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Is the Europa Conference League shit? Yes. Would I rather be in it than out of Europe? Yes. Would missing out on European competition help in the league next season? Maybe. Does that mean competing for the title? No. Should Liverpool’s squad be big enough, good enough and motivated enough to cope with the extra burden of Europe? Yes. Are they now? No. How many cases do you remember when a team missing out on Europe was the key to their success? Errrr, Conte’s Chelsea and… Should you try and win as many matches as possible between now and the end of the season? You know the answer to that.

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Another anniversary looms on Saturday. What is there left to say?

The idea of accountability for Hillsborough has long gone. The unlawful killings have become the subject of football ‘banter.’

A decade ago it felt like we were in touching distance of justice. How wrong we were.

Still, we’re not going away. Despite everything, they’ll never knock the fight out of us.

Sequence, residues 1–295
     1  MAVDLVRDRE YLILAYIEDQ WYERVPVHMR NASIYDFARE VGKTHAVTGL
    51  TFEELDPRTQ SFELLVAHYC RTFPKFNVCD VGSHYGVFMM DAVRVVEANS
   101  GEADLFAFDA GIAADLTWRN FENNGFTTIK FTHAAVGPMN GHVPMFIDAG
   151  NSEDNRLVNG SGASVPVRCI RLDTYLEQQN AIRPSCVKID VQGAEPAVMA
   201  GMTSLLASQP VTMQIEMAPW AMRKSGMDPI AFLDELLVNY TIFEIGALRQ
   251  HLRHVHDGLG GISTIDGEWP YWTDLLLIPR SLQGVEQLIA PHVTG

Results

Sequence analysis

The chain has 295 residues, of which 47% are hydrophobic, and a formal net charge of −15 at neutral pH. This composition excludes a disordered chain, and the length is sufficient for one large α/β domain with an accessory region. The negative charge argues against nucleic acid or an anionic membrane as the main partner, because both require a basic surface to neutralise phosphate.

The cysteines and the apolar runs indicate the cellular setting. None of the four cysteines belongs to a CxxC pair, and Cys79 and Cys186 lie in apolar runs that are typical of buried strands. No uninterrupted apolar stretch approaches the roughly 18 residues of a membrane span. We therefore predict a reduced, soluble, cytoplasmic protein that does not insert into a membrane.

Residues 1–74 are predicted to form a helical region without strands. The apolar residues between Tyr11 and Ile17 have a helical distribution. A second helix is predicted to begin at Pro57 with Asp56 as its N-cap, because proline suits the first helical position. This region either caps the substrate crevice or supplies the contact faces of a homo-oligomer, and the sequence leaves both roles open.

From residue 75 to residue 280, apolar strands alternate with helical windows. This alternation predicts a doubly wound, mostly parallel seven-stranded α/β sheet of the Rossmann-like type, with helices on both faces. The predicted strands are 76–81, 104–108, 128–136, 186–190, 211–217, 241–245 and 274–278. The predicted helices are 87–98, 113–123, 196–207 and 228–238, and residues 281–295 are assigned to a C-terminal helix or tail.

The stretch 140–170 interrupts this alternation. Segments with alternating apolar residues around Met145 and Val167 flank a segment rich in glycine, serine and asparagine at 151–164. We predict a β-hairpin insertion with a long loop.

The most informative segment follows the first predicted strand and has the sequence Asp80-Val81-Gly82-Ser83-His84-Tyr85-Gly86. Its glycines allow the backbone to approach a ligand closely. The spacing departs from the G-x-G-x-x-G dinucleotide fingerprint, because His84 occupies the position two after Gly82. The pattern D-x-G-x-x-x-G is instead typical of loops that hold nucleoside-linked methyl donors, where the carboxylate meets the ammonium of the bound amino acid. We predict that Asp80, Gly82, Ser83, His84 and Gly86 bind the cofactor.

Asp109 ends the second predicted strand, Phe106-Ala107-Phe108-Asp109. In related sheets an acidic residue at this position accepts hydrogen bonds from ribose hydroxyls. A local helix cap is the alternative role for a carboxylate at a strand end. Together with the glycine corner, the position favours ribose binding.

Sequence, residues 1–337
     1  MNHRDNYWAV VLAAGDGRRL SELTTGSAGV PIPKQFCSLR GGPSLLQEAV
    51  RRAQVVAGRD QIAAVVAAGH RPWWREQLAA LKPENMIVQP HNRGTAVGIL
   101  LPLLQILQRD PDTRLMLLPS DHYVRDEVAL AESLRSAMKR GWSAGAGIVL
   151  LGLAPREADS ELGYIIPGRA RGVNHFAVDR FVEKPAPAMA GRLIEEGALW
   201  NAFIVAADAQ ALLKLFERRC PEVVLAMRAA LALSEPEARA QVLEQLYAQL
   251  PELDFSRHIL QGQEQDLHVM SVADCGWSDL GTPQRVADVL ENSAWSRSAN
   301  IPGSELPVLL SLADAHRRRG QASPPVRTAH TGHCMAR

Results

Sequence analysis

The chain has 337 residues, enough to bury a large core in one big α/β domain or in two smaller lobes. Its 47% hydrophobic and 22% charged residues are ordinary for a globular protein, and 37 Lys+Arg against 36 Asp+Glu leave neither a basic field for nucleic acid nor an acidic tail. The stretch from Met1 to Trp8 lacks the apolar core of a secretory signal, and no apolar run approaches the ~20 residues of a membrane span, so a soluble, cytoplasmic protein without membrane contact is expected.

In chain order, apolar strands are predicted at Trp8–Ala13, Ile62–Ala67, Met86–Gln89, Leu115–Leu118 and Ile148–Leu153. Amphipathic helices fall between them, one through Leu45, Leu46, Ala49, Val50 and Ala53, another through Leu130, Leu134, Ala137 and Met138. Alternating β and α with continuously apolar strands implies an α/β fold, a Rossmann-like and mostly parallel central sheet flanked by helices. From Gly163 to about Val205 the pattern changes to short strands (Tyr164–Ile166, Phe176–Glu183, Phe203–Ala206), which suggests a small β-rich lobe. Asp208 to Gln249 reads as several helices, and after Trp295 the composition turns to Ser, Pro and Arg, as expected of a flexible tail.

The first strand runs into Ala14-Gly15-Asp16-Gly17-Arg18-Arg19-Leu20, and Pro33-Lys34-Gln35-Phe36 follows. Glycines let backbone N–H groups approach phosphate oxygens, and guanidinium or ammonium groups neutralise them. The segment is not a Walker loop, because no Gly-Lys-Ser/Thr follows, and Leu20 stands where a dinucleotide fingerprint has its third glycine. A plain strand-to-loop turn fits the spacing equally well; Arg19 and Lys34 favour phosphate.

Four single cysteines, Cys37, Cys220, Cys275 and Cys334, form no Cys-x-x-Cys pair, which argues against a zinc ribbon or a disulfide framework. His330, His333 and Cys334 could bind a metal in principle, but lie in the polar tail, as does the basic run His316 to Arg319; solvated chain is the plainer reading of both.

Charlotte Hennessy, whose dad Jimmy died that dreadful day 34 years ago, has created a petition to make chanting about tragedies — any tragedy, not just Hillsborough —a criminal offence. It’s here. Sign it.

We’re not letting this go. We never will.

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Constantine Hatzidakis was appallingly unprofessional. He looks like the sort of bulked-up gym rat you’d find on the door of a crap bar and he acted like that when he elbowed Andy Robertson.

But this should be seen as a sign that things have gone too far. Ever since football began to be televised live on a regular basis, the demonisation of officials has spun out of control. The whinging of Ferguson and Wenger ratcheted things up a notch in the late 1990s and Mourinho upped the ante when he arrived in the Premier League. Supporters picked up on this like never before and slow motion became the angry manager’s accomplice. It’s killed the reputation of referees and the spirit of the game. It’s given you VAR.

Klopp’s not blameless. He has a go all too often. He’s not the only one.

Robertson shouldn’t have gone into the linesman’s personal space at half time. Hatzidakis should have kept his elbow by his side.

How about a little less bellendery and a bit more self-control from everyone? I’ll believe that when I see it.

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A Roy Hodgson team slammed home five goals against Leeds at Elland Road. Come on Jurgen, you’ve got to outdo Rampaging Roy. Surely?